Thor: Blood of the Fathers

Thor: Blood of the Fathers
Thor Blood of the Fathers review
  • North American Publisher / ISBN: Marvel - 978-1-3029-4760-6
  • Volume No.: 6
  • Release date: 2023
  • UPC: 9781302947606
  • Contains adult content?: no
  • Does this pass the Bechdel test?: yes
  • Positive minority portrayal?: no
  • CATEGORIES: Superhero

Five volumes ago in The Devourer King Donny Cates introduced the idea of Thor’s fate inextricably being tied to a confrontation with an even more powerful than usual Thanos. While an interesting piece of foreshadowing, it’s become continuously diluted via a holding pattern, and The Legacy of Thanos was very much filler accompanied by very little thriller. However, at the end new writer Torunn Grønbekk pulled the rabbit from the hat in the final chapters.

Although Cates receives a credit as co-writer on a couple of chapters here, it’s Grønbekk who’s now taking the lead and she starts by finally picking up on the cliffhanger that ended God of Hammers. The souls of the departed are no longer to be found in Valhalla, so where are they?

That chapter is Nic Klein’s series swansong and by some distance the best art here. He supplies a grandeur entirely absent from Juan Gedeon’s pages on the remainder of the book. Even allowing for the possibility of his having to take over at very short notice, Gedeon supplies basic artwork. Backgrounds and surroundings are replaced by walls of colour, foreshortening is poor, and people resemble posed action figures, with Thanos a particular casualty. After two such chapters Sergio Dávila starts pencilling some pages, and the overall look improves for the ending.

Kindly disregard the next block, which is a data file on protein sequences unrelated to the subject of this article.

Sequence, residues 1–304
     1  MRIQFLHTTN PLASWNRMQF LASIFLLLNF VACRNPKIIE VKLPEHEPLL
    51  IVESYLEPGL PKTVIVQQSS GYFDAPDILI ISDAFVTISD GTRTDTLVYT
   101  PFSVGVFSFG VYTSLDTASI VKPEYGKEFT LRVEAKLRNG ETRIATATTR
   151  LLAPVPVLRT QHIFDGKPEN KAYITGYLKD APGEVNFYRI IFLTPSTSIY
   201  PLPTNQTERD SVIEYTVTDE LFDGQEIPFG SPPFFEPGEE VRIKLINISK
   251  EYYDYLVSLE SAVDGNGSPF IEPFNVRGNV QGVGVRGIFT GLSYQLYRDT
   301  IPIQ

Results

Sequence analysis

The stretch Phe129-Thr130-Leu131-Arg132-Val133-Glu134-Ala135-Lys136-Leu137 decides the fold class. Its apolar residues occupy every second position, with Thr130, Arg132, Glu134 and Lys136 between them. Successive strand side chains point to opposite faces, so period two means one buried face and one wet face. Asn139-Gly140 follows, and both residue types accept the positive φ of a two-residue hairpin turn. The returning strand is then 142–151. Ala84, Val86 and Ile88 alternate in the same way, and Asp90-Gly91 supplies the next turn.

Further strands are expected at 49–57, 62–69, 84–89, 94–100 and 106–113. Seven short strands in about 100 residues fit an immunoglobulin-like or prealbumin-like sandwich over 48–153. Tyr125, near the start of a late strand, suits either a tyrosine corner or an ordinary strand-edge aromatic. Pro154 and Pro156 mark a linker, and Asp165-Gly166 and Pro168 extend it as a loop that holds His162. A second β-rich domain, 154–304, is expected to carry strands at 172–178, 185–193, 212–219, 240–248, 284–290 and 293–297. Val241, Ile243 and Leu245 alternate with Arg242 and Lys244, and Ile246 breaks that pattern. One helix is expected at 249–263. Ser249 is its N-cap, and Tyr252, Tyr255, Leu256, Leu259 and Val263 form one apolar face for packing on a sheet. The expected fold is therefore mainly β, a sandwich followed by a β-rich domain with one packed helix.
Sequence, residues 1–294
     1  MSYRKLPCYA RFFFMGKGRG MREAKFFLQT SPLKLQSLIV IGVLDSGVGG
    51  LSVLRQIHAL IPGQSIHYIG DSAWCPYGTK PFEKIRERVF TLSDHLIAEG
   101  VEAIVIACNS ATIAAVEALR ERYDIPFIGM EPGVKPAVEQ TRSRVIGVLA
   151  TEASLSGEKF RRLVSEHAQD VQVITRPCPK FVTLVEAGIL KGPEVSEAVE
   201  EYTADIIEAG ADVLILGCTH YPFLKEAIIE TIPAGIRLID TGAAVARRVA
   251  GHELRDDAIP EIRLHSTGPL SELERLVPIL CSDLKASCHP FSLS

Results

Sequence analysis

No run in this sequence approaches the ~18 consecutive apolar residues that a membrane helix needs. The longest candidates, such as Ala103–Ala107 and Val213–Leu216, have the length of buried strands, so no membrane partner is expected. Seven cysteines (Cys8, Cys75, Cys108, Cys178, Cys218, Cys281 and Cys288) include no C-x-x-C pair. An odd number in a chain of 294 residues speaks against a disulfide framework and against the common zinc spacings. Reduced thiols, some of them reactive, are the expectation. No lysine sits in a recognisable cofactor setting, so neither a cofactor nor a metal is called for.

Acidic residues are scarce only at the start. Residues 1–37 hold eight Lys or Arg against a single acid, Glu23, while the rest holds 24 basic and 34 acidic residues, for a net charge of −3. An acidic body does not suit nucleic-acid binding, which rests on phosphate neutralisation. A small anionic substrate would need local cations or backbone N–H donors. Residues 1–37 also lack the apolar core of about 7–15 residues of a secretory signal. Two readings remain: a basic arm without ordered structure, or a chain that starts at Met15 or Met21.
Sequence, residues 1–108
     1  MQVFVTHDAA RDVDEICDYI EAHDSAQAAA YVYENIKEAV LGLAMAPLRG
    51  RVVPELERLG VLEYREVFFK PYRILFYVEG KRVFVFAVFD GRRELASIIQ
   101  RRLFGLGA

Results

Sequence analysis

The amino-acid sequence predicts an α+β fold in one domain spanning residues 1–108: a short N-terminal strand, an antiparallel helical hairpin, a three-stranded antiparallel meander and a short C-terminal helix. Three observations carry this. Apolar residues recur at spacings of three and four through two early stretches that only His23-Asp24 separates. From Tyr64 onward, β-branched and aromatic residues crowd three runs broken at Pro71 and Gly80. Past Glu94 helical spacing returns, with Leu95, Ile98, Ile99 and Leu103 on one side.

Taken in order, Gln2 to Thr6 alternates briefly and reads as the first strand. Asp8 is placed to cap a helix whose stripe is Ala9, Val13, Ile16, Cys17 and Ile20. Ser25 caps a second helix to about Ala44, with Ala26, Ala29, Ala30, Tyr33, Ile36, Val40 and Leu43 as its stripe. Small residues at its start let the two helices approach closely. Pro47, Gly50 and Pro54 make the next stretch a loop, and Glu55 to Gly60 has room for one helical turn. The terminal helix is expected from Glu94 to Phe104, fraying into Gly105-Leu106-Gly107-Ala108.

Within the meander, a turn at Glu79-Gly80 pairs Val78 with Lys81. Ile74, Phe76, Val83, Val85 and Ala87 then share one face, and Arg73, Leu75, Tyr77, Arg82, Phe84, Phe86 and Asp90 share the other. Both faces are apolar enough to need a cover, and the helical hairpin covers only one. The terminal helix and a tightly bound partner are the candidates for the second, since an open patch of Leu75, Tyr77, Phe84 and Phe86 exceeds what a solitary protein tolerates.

As with the art, the ending is not what’s expected. Gronbekk picks up on elements of the plots Cates had running, but anyone looking for the final showdown with Thanos won’t find it here. However, her use of Thanos is innovative in showing his part in the growth of Asgard, a viable connection nobody’s  made previously, yet one that’s perfectly logical as Thanos has been around for a long time. Instead Grønbekk ties up some other plots. There’s an end to Odin’s story, an origin for a long-running Asgardian, and some touching scenes between family members. It’s not everything readers who’ve followed the series from the beginning might have wanted, but were the art better this would be very readable.

Collin Kelly and Jackson Lanzing provide a final story with no connection to the remainder. The transformation of an old Marvel villain is well conceived, but it’s about the only idea of note in an what’s decently drawn by Ibraim Roberson.

All going to plan this run of Thor is to be collected as an Omnibus sometime in 2024, and perhaps it’ll read better as one large lump, but overall it’s disappointed.